“Some details of Atwood’s bizarre anti-Utopia are at least as repellent as those in such forerunners as Aldous Huxley’s Brave New World in 1932 and George Orwell’s 1984 16 years later. Those two novels have come to be seen as fiercely moral tracts that jarred their readers to awaken them. Will Atwood, as different from Huxley and Orwell as they were from each other, join them in the accepted ranks of those disguised idealists who image the future as a nightmare in order that it may remain just that ― a fantasy? Certainly the early reviews of her book have been mainly positive.”

“Margaret Atwood’s new novel is being greeted as the long-awaited feminist dystopia and I am afraid that for some time it will be viewed as a test of the imaginative power of feminist paranoia [...] As a dystopia, this is a thinly textured one. [...] But if Offred is a sappy stand-in for Winston Smith, and Gilead seems at times to be only a coloring book version of Oceania, it may be because Atwood means to do more than scare us about the obvious consequences of a Falwellian coup d’état.”

-Barbara Ehrenreich, The New Republic 

“[Atwood’s] regime is a hodgepodge: a theocracy that’s not recognizably Christian, that most Christians don’t accept; a repressive measure borrowed from South Africa; an atrocity adopted by the Romanians. With no unifying vision, the center doesn’t hold.”

-Alix Madrigal, The San Francisco Chronicle

“As a cautionary tale, Atwood’s novel lacks the direct, chilling plausibility of Nineteen Eighty-Four and Brave New World. It warns against too much: heedless sex, excessive morality, chemical and nuclear pollution. All of these may be worthwhile targets, but such a future seems more complicated than dramatic. But Offred’s narrative is fascinating in a way that transcends tense and time: the record of an observant soul struggling against a harsh, mysterious world.”

-Paul Gray, TIME

The U.S. hardcover of The Handmaid's Tale.
Houghton Mifflin
The U.S. hardcover of The Handmaid's Tale.

The Harsh:

The Handmaid’s Tale is watchable, but it’s also paranoid poppycock — just like the book. The actors are imprisoned in Atwood’s grimly inhuman design. [...]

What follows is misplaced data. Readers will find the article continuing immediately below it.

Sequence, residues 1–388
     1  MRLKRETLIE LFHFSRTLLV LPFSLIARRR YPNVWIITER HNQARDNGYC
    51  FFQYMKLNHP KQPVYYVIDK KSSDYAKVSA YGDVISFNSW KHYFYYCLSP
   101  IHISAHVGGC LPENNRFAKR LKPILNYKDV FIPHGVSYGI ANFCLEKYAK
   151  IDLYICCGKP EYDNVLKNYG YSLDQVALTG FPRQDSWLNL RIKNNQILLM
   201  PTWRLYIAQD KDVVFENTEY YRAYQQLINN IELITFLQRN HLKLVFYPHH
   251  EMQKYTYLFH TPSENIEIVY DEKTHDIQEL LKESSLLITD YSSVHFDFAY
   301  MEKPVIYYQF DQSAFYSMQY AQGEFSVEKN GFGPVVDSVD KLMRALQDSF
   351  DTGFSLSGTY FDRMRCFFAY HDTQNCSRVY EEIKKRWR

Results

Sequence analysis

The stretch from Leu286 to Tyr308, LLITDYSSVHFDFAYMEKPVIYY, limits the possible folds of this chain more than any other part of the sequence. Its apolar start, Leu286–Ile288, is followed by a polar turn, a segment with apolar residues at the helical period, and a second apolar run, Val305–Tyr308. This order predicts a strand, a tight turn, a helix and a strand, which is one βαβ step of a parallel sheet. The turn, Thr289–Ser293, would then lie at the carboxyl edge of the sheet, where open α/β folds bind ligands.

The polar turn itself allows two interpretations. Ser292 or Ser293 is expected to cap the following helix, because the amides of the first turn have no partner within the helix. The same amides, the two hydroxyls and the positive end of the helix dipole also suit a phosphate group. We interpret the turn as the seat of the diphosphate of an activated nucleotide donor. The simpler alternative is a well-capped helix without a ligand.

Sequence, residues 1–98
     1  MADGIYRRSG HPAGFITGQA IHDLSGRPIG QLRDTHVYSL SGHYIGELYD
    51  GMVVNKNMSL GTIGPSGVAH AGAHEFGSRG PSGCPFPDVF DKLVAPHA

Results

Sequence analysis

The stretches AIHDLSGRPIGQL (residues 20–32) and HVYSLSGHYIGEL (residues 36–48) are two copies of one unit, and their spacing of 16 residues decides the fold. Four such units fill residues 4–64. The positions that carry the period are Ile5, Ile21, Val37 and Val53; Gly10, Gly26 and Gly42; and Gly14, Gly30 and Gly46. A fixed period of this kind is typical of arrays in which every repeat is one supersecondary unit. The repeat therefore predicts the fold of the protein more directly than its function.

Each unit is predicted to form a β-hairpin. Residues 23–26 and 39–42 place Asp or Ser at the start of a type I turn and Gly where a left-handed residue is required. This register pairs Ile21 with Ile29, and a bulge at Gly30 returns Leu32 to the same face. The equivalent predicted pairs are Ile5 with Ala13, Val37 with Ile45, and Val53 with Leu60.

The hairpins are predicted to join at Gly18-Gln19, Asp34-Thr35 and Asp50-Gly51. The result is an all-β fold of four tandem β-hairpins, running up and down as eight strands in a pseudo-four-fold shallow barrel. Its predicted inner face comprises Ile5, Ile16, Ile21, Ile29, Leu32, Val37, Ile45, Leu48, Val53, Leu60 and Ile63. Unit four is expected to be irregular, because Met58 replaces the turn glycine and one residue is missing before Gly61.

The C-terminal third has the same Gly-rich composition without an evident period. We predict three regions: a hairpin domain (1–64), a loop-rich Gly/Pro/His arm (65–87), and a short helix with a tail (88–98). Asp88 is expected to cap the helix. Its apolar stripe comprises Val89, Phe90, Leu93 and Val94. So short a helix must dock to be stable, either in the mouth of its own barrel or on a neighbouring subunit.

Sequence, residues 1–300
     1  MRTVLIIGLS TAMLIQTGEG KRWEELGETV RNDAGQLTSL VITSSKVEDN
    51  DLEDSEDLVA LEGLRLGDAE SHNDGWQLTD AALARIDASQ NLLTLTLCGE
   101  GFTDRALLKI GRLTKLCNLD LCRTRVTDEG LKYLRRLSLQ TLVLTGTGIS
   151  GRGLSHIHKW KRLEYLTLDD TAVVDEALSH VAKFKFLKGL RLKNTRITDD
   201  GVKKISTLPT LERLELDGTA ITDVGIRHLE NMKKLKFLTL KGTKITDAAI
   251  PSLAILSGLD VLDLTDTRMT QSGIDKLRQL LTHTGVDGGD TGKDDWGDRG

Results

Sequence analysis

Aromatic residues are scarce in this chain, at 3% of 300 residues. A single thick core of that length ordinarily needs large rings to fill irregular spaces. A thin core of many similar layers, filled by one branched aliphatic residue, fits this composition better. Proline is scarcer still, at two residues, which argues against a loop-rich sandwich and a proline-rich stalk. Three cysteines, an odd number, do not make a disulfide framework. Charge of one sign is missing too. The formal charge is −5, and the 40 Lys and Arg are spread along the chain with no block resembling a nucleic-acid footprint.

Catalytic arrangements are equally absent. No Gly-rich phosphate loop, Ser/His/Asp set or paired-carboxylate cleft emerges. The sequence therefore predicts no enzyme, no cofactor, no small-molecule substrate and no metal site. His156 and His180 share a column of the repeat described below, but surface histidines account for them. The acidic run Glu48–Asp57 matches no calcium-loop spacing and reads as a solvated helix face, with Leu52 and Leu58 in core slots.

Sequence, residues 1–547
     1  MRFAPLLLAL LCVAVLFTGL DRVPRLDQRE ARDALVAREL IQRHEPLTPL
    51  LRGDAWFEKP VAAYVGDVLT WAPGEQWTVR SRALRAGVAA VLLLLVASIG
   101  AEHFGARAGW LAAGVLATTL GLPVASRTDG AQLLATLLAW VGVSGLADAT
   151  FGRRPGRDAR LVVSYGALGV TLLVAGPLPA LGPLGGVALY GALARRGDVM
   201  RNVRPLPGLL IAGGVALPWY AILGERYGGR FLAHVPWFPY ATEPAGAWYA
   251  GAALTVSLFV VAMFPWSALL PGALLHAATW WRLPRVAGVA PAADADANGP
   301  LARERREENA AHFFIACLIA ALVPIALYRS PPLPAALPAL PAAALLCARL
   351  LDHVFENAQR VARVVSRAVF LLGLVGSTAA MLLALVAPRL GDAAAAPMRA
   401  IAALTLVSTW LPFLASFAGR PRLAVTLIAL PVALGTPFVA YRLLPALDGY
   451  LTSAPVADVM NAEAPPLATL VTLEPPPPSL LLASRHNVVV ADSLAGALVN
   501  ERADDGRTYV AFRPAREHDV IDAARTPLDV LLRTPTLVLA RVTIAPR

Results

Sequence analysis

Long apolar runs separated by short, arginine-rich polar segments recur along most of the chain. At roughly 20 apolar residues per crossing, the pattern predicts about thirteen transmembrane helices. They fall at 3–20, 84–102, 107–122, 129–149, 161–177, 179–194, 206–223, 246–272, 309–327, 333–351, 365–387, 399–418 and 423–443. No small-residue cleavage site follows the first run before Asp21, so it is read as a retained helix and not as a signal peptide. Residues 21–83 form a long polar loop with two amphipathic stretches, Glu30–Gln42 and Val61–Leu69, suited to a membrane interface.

“What finally takes the cake for absurdity is a subplot featuring Aidan Quinn as Richardson’s handsome savior. It’s as if Atwood, after all that didactic scrubbing, couldn’t quite wash the princess fantasy out of her story. The Handmaid’s Tale is a tract that strives for sensitivity ― it lacks even the courage of its own misanthropy.”

-Owen Gleiberman, EW (on the 1990 film adaptation)

“The writing of The Handmaid’s Tale is undistinguished in a double sense, ordinary if not glaringly so, but also indistinguishable from what one supposes would be Margaret Atwood’s normal way of expressing herself in the circumstances. This is a serious defect, unpardonable maybe for the genre: a future that has no language invented for it lacks a personality. That must be why, collectively, it is powerless to scare.” 

-Mary McCarthy, The New York Times

“This cri de coeur is certainly impassioned, and Atwood’s adept style renders the grim atmosphere of the future quite palpably. But the didacticism of the novel wears thin; the book is simply too obvious to support its fictional context. Still, Atwood is quite an esteemed fiction writer, the author of such well-received novels as Surfacing (1973) and Life before Man (1980). Demand for her latest effort, therefore, is bound to be high; unfortunately, the number of disappointed readers may be equally high.”

-Brad Hooper, Booklist

“Offred’s monotonous manner of expression just drones and drones.”

-Robert Linkous, San Francisco Review of Books